Acton Institute Powerblog

Straight Talk on Trade

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My reaction to any politician claiming to offer “straight talk” is a knowing chuckle (“yeah, right”), and that includes John McCain. So I’ve got to give credit to the so-called Straight Talk Express for a recent campaign stop in Youngstown, Ohio, where the Republican presidential candidate offered some honest and accurate comments on a contentious subject in politically risky circumstances—straight talk, if you will.

The subject was trade, and McCain defended it in a region suffering from the real or perceived effects of the extension of free trade in recent decades. In the heart of labor union-friendly, manufacturing-dependent eastern Ohio, McCain said, among other things:

The biggest problem is not so much what’s happened with free trade, but our inability to adjust to a new world economy.

Protectionism and isolationism have never worked in American history.

I can’t look you in the eye and tell you that I believe those jobs are coming back. What we’ve got to do is provide [displaced workers] with education and training programs that work.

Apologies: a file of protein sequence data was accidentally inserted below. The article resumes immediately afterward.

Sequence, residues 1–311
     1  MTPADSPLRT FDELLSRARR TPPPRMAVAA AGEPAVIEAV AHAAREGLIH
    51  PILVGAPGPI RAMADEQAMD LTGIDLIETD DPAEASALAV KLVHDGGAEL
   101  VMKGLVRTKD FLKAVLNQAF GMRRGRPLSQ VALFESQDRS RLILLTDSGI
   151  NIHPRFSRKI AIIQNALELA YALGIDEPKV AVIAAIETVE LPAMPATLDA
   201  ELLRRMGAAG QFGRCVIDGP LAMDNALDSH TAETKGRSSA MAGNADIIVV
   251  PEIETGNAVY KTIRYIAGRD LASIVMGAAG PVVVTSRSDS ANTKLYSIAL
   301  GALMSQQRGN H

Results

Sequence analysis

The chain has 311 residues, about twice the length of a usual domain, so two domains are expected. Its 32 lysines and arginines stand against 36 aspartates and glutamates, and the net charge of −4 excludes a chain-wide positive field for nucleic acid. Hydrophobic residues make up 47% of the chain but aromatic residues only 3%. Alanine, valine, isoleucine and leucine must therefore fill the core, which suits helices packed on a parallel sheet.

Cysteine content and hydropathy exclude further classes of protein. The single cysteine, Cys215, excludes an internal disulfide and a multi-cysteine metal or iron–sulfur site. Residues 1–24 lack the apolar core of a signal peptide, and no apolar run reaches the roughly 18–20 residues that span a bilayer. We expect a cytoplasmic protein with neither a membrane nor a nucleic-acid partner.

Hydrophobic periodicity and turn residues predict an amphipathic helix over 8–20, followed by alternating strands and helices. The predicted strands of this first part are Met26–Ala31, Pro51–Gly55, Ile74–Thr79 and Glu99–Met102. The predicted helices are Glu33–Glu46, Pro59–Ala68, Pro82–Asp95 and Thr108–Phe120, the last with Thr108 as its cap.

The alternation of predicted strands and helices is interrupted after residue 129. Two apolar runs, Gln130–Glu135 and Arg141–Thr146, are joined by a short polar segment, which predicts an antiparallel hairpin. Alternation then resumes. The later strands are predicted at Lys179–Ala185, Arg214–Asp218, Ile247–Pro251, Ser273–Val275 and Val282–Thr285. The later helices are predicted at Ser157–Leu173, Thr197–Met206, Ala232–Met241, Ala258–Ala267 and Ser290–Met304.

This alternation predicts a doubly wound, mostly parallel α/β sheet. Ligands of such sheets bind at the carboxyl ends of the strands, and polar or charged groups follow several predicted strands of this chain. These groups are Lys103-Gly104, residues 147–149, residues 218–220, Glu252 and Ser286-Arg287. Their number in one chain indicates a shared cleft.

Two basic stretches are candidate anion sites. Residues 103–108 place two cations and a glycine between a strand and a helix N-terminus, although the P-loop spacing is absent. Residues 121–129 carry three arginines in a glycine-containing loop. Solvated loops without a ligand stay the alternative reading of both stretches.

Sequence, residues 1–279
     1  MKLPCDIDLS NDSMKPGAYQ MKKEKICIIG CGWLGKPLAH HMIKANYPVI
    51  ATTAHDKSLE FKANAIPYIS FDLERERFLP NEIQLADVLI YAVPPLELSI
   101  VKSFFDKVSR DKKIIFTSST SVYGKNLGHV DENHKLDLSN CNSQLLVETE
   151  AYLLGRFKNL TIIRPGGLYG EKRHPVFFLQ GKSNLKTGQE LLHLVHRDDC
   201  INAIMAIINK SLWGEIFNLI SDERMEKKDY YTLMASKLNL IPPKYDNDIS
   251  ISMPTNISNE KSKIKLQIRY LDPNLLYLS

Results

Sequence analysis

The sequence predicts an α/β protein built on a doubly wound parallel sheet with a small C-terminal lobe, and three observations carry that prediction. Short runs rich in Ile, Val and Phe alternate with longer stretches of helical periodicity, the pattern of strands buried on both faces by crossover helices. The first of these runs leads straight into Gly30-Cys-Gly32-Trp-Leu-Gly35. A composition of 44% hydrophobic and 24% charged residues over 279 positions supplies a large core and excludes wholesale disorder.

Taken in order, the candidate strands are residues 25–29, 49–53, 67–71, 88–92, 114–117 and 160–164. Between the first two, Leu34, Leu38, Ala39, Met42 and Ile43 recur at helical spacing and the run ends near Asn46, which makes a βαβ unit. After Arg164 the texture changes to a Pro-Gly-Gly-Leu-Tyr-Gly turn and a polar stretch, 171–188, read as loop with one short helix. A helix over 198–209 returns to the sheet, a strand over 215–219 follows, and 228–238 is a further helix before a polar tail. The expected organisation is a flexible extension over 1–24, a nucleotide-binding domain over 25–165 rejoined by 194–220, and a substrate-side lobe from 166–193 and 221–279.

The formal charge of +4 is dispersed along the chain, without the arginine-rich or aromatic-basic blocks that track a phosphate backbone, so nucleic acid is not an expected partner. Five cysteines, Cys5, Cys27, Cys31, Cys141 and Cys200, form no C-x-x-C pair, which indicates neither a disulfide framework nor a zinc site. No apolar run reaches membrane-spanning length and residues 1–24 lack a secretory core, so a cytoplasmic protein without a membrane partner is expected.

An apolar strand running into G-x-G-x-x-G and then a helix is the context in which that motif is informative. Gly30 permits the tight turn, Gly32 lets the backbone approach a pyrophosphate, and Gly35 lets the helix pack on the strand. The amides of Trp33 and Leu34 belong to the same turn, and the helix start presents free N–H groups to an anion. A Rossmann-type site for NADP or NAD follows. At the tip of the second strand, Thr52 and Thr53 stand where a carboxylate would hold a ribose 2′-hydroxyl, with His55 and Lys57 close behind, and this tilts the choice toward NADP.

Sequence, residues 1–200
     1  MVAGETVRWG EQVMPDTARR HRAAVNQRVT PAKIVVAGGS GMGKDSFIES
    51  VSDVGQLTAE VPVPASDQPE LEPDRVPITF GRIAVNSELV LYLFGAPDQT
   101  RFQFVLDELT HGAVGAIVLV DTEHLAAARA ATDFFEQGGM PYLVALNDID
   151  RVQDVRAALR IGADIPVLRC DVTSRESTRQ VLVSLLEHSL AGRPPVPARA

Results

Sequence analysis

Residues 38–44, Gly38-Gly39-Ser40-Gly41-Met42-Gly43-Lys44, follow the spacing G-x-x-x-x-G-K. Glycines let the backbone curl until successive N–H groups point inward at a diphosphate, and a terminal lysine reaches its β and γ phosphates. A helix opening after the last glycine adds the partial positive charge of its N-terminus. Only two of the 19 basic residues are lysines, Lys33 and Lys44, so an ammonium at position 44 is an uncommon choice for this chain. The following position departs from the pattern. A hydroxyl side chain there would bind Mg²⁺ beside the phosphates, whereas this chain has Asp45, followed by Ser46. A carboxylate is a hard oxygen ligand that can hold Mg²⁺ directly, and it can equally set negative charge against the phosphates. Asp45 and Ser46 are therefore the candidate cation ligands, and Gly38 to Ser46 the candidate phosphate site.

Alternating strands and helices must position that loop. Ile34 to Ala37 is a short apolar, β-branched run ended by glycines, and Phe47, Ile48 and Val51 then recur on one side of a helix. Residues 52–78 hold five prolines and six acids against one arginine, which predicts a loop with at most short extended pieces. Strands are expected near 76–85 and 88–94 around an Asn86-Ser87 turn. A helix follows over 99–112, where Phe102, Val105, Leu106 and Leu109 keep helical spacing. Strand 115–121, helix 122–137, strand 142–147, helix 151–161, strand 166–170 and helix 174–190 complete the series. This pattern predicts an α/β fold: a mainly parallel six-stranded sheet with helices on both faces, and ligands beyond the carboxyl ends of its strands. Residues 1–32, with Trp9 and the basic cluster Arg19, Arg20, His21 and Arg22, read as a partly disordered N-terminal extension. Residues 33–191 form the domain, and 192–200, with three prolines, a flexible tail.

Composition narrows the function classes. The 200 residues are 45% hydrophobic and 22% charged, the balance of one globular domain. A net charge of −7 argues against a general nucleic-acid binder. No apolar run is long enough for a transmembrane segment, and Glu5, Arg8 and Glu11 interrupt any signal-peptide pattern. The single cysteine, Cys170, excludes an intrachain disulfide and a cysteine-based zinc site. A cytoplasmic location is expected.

With pro-growth policies to create new jobs, and with honest and efficient government in Washington, we can turn things around in this city.

Pro-growth policies would include, one assumes, lowering the state’s state-local tax burden, calculated by the Tax Foundation as 12.4%, fifth-highest in the nation.

Kevin Schmiesing Kevin Schmiesing, Ph.D., is a research fellow for the research department at the Acton Institute. He is a frequent writer on Catholic social thought and economics, is the author of American Catholic Intellectuals, 1895-1955 (Edwin Mellen Press, 2002) and is most recently the author of Within the Market Strife: American Catholic Economic Thought from Rerum Novarum to Vatican II (Lexington Books, 2004). Dr. Schmiesing holds a Ph.D. in American history from the University of Pennsylvania, and a B.A. in history from Franciscan University ofSteubenville. Author of Within the Market Strife and American Catholic Intellectuals, 1895—1955 (2002), he serves as Book Review Editor for the Journal of Markets & Morality. He is also executive director of


  • Clare Krishan

    “… problem… our inability to adjust to a new world economy.”


    We created the new world economy, we just forgot to warn our citizens that they have as little “labor value” now as the slaves did that built the nation. We have no property rights, since the wages we earn are payable in federal certificates that the government co-owns, and can value at will with setting FIAT interest rates or printing FIAT dollar bills .